Lummus can offer clients an OPEX-competitive solution by incorporating Toshiba’s advanced solvents that will be characterized by reduced amine emissions, lower specific energy consumption per ton of CO2 absorbed, and higher solvent stability against degradation.

“We are delighted to collaborate with Lummus to introduce our advanced amine-based solvent and CO2 capture solution to a broader audience,” Shinya Fujitsuka, senior vice president of Toshiba Energy Systems and Solutions Corp., says in a news release. “Addressing the urgent need for decarbonization is paramount, and I have every confidence that our partnership with Lummus will enable us to make meaningful contributions towards achieving this goal.”

Both companies have been active in these innovations for years. Lummus has been a leader in post-combustion carbon capture technology since the 1990s by using latest generation solvent technology that provides the full design involving an absorber and solvent regeneration systems, which can be applied to complex combustion flue gas streams. Since 2007, Toshiba has been considered an industry leader in post-combustion amine-based solvent CO2 capture technology.

“I am excited about our partnership with Toshiba, which expands Lummus’ range of low carbon solutions and aligns with our commitment to lowering emissions for the downstream energy industry,” Leon de Bruyn, president and CEO of Lummus Technology, says in the release. “Combining Lummus’ post-combustion carbon capture technology with Toshiba’s highly competitive solvents and technology gives our customers a strong option for CAPEX and OPEX solutions as they advance their carbon capture investments.”

Lummus has recently secured other partnerships with Dongyang Environment Group to roll out Lummus' advanced plastics recycling technology in Seosan, Chungcheongnam-do, South Korea, and will be operated by Dongyang Environment's subsidiary, Seohae Green Chemical. Lummus also paired with Citroniq Chemicals to build North American plants that produce green polypropylene.

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ExxonMobil's $60B acquisition gets FTC clearance — with one condition

M&A moves

ExxonMobil's $60 billion deal to buy Pioneer Natural Resources on Thursday received clearance from the Federal Trade Commission, but the former CEO of Pioneer was barred from joining the new company's board of directors.

The FTC said Thursday that Scott Sheffield, who founded Pioneer in 1997, colluded with OPEC and OPEC+ to potentially raise crude oil prices. Sheffield retired from the company in 2016, but he returned as president and CEO in 2019, served as CEO from 2021 to 2023, and continues to serve on the board. Since Jan. 1, he has served as special adviser to the company’s chief executive.

“Through public statements, text messages, in-person meetings, WhatsApp conversations and other communications while at Pioneer, Sheffield sought to align oil production across the Permian Basin in West Texas and New Mexico with OPEC+,” according to the FTC. It proposed a consent order that Exxon won't appoint any Pioneer employee, with a few exceptions, to its board.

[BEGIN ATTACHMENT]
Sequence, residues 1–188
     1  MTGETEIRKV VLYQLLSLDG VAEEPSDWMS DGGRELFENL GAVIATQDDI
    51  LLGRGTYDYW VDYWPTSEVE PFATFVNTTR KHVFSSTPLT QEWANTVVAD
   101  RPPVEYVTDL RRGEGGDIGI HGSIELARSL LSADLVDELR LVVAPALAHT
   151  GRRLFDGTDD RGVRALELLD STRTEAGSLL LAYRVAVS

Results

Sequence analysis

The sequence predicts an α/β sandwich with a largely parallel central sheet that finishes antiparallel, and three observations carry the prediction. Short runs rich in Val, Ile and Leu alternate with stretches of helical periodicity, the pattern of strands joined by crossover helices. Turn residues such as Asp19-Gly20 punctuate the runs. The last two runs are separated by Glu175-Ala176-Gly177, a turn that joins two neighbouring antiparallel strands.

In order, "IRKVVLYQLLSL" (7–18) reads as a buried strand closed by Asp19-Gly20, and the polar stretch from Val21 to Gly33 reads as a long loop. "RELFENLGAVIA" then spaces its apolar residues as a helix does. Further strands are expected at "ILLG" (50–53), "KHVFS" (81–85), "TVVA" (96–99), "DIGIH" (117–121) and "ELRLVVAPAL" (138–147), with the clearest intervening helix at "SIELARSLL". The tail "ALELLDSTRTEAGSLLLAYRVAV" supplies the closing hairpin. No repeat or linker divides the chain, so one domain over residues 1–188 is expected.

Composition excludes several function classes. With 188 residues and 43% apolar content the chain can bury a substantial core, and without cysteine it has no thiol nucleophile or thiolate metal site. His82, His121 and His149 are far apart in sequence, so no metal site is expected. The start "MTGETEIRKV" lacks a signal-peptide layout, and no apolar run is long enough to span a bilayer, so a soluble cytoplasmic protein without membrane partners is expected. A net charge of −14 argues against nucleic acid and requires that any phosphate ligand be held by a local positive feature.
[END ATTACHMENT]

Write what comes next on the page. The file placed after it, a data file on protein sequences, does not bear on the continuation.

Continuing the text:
Dallas-based Pioneer said in a statement it disagreed with the allegations but would not impede closing of the merger, which was announced in October 2023.

“Sheffield and Pioneer believe that the FTC’s complaint reflects a fundamental misunderstanding of the U.S. and global oil markets and misreads the nature and intent of Mr. Sheffield’s actions,” the company said.

Senate Majority Leader Chuck Schumer, D-N.Y., said it was “disappointing that FTC is making the same mistake they made 25 years ago when I warned about the Exxon and Mobil merger in 1999.”

Schumer and 22 other Democratic senators had urged the FTC to investigate the deal and a separate merger between Chevron and Hess, saying they could lead to higher prices, hurt competition and force families to pay more at the pump.

The deal with Pioneer vastly expands Exxon’s presence in the Permian Basin, a huge oilfield that straddles the border between Texas and New Mexico. Pioneer’s more than 850,000 net acres in the Midland Basin will be combined with Exxon’s 570,000 net acres in the Delaware and Midland Basin, nearly contiguous fields that will allow the combined company to trim costs.

ExxonMobil revs up EV pilot in Permian Basin

seeing green

ExxonMobil has upgraded its Permian Basin fleet of trucks with sustainability in mind.

The Houston-headquartered company announced a new pilot program last week, rolling out 10 new all-electric pickup trucks at its Cowboy Central Delivery Point in southeast New Mexico. It's the first time the company has used EVs in any of its upstream sites, including the Permian Basin.

“We expect these EV trucks will require less maintenance, which will help reduce cost, while also contributing to our plan to achieve net zero Scope 1 and 2 emissions in our Permian operations by 2030," Kartik Garg, ExxonMobil's New Mexico production manager, says in a news release.

ExxonMobil has already deployed EV trucks at its facilities in Baytown, Beaumont, and Baton Rouge, but the Permian Basin, which accounts for about half of ExxonMobil's total U.S. oil production, is a larger site. The company reports that "a typical vehicle there can log 30,000 miles a year."

The EV rollout comes after the company announced last year that it plans to be a major supplier of lithium for EV battery technology.

At the end of last year, ExxonMobil increased its financial commitment to implementing more sustainable solutions. The company reported that it is pursuing more than $20 billion of lower-emissions opportunities through 2027.

Cowboys and the EVs of the Permian Basin | ExxonMobilyoutu.be